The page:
By Hattie Ellis

Artisan cheese is one of the great success stories of British food and there are now more than 750. But good cheese needs care, from milking to making to maturing to marketing. Step forward Penbuckles, the Old Town’s champion of Sussex and British cheeses.

Ellie and Richard Lubbock-Shattock took over the shop in August 2018 and, as well as wine, a well-selected range of exceptional British charcuterie, coffee and deli delights, they have focused in particular on the cheese counter. It is almost entirely British, with a number of local stars, and three classics from abroad: Parmesan, Comté and Manchego. “I come from a family that’s always travelled and enjoyed cheese and it’s lovely to be introduced to such a range of British cheese and all their different flavours and complexity,” says Ellie.

Looking after these little beauties isn’t always the easiest task, Ellie admits – “But it’s fun and lots to learn”. The dozens of different cheeses in the shop need to be kept carefully, at the right temperature, in order to reach mature perfection. Luckily there’s the perfect space in the cellar below the characterful 16th-century building on the High Street.

Enjoying and buying craft-made cheese has gained another layer of meaning during the Covid-19 crisis because a number of cheesemakers suffered a cliff-edge loss of 80% of sales when restaurants closed at the start of the pandemic. Overnight, they had quantities of perishable stock and animals that kept producing milk.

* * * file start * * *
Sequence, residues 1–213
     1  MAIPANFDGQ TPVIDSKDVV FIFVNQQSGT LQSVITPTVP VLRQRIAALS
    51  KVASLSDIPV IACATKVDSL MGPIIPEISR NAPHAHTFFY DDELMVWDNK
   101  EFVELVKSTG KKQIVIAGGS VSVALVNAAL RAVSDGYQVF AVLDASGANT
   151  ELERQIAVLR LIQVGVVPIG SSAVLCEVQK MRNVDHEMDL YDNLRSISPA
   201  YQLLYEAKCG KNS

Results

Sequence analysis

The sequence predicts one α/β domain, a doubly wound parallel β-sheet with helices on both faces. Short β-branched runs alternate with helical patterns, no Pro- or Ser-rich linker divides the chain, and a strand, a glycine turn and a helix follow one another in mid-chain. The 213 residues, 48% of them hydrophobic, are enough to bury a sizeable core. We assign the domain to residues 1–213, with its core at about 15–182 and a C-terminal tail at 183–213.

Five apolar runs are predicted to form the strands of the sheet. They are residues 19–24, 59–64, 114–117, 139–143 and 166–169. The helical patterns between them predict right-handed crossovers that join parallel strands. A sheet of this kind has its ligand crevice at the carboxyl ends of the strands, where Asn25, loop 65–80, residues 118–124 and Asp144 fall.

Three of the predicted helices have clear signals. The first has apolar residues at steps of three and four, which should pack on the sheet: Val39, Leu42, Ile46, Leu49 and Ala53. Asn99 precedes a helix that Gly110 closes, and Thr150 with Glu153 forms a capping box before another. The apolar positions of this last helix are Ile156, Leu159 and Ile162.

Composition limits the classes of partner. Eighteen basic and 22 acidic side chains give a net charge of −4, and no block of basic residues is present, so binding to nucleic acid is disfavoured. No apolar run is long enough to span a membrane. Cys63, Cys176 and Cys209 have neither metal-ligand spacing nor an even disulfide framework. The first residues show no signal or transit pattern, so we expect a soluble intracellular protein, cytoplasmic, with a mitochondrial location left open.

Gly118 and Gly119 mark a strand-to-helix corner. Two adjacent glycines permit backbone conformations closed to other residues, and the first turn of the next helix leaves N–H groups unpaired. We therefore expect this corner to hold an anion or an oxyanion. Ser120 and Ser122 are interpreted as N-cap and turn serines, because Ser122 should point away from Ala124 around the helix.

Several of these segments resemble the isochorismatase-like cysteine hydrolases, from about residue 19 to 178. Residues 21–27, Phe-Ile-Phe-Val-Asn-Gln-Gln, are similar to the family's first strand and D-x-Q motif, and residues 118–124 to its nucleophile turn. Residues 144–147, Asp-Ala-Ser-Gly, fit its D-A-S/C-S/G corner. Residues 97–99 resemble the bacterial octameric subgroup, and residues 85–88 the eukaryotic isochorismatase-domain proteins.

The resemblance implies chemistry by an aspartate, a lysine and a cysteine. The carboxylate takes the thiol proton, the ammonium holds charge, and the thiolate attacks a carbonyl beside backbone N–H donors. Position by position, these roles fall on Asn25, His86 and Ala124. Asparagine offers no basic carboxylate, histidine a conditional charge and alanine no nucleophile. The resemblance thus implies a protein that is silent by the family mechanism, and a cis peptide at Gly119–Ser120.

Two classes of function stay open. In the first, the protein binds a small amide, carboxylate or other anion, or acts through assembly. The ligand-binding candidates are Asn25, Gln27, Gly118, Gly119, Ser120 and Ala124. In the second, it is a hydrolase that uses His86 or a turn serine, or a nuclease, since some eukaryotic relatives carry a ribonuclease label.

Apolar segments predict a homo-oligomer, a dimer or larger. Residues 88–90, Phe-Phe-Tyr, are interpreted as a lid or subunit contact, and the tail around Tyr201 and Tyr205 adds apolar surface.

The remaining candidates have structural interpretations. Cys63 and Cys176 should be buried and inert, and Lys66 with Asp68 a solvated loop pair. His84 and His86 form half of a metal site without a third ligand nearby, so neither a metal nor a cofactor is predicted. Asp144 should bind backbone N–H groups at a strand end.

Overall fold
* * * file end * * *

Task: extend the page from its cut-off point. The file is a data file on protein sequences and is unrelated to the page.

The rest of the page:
Penbuckles and other cheese-sellers have supported this network of small businesses and enabled them to keep going; Neals Yard Dairy set up ‘Save British Cheese’ mail-order boxes with Jamie Oliver. Amongst the ‘saved’ British cheeses sold by Penbuckles are Baron Bigod, an exceptional Brie-style cheese made in an eco-dairy where water-pipes under the cowsheds are heated by the animals; Stichelton, a beautifully creamy raw milk version of Stilton; and the classic Kirkham’s Lancashire.

It’s lovely to be introduced to such a range of British cheese and all their different flavours and complexity

During lockdown, Penbuckles has stepped up to do deliveries, and continues to do so for people who have to continue shielding. They’ve also developed another kind of service: the gift box. Birthdays, Father’s day, presents for people who can’t get out: cheese, deli goodies, chocolate and wine will always cheer. “You make food for people who you care about and it’s the same when you send food,” says Ellie.

After leaving school, Ellie became a riding instructor and worked with horses and small animals, and then went on to care work. The nurturing side of the business – attending to customers and produce – is the next step in a long vocation of caring.

Looking ahead, Richard and Ellie feel that their cosy back room will have to change. Regulars and visitors came here to enjoy cheeseboards, coffee and cakes but it’s too small to have the same level of custom. There will be ways to adapt. Cheese boards for the beach? Ellie ponders. “I don’t think seagulls like cheese too much – they prefer fish and chips – so I think we’d be fine,” she says.

Penbuckles, 50 High Street, Hastings; open Tuesday-Saturday;
Call 01424 465050; Instagram; [email protected]


Ellie’s Dream Local Cheeseboard

• Barkham Blue
sweet and creamy Sussex blue cheese made of Jersey milk

• Burwash Rose 
semi-soft, Sussex washed-rind (ie ‘stinky’) cheese made with rose water; one of the shop’s cult cheeses

• Winterdale Shaw 
Kent Cheddar

• St George goat’s cheese from Golden Cross in Sussex

Eat with 
Sourdough crackers – Peter’s Yard or Miller Damsel; Ringden Farm’s Ale Chutney or Pickled Cucumber


We hope you have enjoyed reading this article. The future of our volunteer led, non-profit publication would be far more secure with the aid of a small donation. You can also support local journalism by becoming a friend of HIP. It only takes a minute and we would be very grateful.